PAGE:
KA: We just kept smiling and laughing, it was just crazy. Exciting.
SR: You’ve done collaborations with a handful of successful artists, such as Zedd. Would you say you are influenced by such an artist?
SD: Definitely, I would say. We had a great time when we played with him last year on Jimmy Kimmel. We did a live performance, it was the first time ever he had used a live band, because he’s always been behind the scenes producing. but for this tour, he wanted to use a live band.
KA: Yeah and as we got to know him through rehearsal and got to ask him questions and talk to him, he’s a really great musician. He’s not just a DJ, DJs are great too, but he’s just amazing. When we got talking about arrangements, you know we’ve worked with DJs and such and artist like that don’t always know how to express themselves or know enough about music or instruments, but he had studied music. But DJs have a different understanding of the music itself that musicians don’t. Musician tend to be self indulgent , they just play, sometimes with they’re head down and they don’t always care about what’s going on, but DJs are on another level that we respect. A lot of people will say ‘well all a DJ does is play someone else’s music, but it’s not that easy. I’ve DJed and found it very hard. You know, "uh oh, people aren't digging what i'm playing, what should I play."
SD: You know you might have a set list planned and then you get there and it doesn’t work and you’ve got to read the crowd.
KA: You’ve got to change it to what people want, and sometime musicians just don’t have that. You've got to know what people want and he has that But yeah, he’s amazing. He plays drums, keyboard-
SD: He’s also from a musical family; I think his mother was a trained concert pianist. So yeah, he wanted to use a live band, for the first time, and we were fortunate enough to be part of that. It was a great experience for us.
SR: Is there anyone out there that you have yet to collab with that you’re like, before the end of my career I have to collab with this artist?
SD: Oh I could be here for days..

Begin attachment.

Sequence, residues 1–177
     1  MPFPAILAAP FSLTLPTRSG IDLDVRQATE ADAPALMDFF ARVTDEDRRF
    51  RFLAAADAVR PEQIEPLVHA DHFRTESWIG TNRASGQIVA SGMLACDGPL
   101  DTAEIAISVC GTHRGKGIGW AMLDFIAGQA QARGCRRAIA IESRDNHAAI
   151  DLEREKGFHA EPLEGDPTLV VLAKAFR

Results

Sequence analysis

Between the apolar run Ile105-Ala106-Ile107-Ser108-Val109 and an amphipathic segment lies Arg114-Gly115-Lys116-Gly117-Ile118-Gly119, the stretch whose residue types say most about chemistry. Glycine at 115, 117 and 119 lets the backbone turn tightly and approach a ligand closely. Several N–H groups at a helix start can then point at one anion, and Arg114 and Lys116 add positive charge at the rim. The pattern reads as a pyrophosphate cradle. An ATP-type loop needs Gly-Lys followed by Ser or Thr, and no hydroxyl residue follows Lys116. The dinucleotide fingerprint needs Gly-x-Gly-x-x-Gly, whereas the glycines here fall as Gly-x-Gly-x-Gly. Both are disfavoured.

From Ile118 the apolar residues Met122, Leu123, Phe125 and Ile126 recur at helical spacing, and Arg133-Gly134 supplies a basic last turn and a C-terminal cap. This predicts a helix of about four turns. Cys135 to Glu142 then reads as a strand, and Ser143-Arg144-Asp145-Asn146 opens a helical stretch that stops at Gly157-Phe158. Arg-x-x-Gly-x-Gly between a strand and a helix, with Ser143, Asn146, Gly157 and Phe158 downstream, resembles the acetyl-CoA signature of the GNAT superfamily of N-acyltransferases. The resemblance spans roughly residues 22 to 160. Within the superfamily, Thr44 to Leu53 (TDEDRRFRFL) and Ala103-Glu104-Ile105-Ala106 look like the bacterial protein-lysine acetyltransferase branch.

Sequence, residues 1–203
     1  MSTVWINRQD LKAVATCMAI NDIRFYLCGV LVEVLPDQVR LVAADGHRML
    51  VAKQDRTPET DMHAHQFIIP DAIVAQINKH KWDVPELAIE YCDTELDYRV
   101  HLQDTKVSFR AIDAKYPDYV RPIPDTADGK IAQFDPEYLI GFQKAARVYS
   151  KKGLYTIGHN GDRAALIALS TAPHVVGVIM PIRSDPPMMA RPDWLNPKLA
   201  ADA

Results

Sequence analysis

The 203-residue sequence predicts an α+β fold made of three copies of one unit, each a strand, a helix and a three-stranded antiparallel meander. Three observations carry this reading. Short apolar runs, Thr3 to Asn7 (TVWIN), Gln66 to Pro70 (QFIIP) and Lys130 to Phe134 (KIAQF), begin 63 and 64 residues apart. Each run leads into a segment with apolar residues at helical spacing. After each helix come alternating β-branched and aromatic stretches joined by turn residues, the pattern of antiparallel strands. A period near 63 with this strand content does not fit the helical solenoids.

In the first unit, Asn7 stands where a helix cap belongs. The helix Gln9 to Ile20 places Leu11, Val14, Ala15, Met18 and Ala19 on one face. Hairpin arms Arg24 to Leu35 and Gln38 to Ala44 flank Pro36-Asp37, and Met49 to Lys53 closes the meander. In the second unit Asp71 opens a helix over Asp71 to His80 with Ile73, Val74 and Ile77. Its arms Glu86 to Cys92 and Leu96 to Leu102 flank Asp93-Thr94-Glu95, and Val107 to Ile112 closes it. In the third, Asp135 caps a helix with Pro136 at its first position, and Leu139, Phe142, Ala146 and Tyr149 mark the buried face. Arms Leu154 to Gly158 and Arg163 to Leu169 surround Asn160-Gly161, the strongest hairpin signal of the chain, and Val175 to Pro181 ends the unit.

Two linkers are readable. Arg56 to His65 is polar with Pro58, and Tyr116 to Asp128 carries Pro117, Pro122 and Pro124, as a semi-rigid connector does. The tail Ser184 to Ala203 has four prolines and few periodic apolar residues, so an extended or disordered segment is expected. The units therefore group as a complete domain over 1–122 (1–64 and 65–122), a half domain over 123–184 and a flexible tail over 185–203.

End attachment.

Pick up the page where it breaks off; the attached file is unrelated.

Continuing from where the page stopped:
SR: Okay, haha, name two.
SD: Okay, for me, Prince is definitely one that I couldn’t finish the sentence without telling you that one. Pharrell, I’d love to work with Pharrell.
SR: I could definitely see a Pharrell collaboration-
SD: Yeah! Are you comfortable with saying Prince and Pharrell?
KA: We only got two?
SD: I mean I’d like to work with JZ... the list goes on and on.
KA:We’ll think of another twenty more tonight and be like “we should have said” haha.
SR: So you are out her promoting your new EP, what is the name of it?
KA: It’s actually got a funny name. Okay, our first one is called If We Stepped On Mars, I.W.S.O.M, it’s an acronym. With this one, in essence, it is an EP but it’s a double sided single. “Something To Say” is one single and “Right Next Door”, which we did tonight, and there’s some remixes on there. So basically it’s called ‘S.T.S.’ and ‘R.N.D’, so you know "Something To Say" and "Right Next Door".
SR: Oh, Okay. I had seen this and wondered what it stood for and didn’t want to botch the name, so I figured I would let you explain rather than pretend to know.
SD: Yeah! Well we sort of had titles like that, for sorting for us when we were recording and like live, for set lists. We were always shortening it. We just kind of were looking at it and were like ‘well, that looks pretty cool’, so we just kind of went with it.
KA: Well, the first EP was like that-
SD: Yeah, the first EP like that, so for the two sided single release we kind of went well okay, if we put both “Something To Say” and “Right Next Door” it’s just too much, you know.
KA: And if you’ve noticed with the single artwork, it’s two females? Twins with UFOs on top of them-
SD: So, basically we didn’t want to take away from the artwork.
KA: We are also looking at it as like there’s two girls on the cover, twins, two singles- maybe they’re like code names.
SR: I get it. You really thought into, it’s sort of got a theme.
SD: Yes! And we’ve been very lucky to happen to come across a really great artist. A girl called Janee Meadows that’s been an artist for us, who we collaborated with on the first EP. And she just, you know we had a whole bunch of other people throwing out ideas for album artwork, with all of our concepts and stuff and no one got it like her. This girl sends us stuff. We’ve never met her, never spoken, it’s all been through email correspondence and she just got it! And we were like what do we choose, you know there were just so many options.
KA: She is definitely part of our team.
SD: So we definitely used her stuff for the first EP art work and definitely for the second one, so there is a continuous sort of flow that we are sort of doing and you know that was sort of another reason to not put Something To Say or Right Next Door on there, to not take away, because it is such beautiful artwork. So you know, we just used acronyms again. It goes with the flow of the first EP.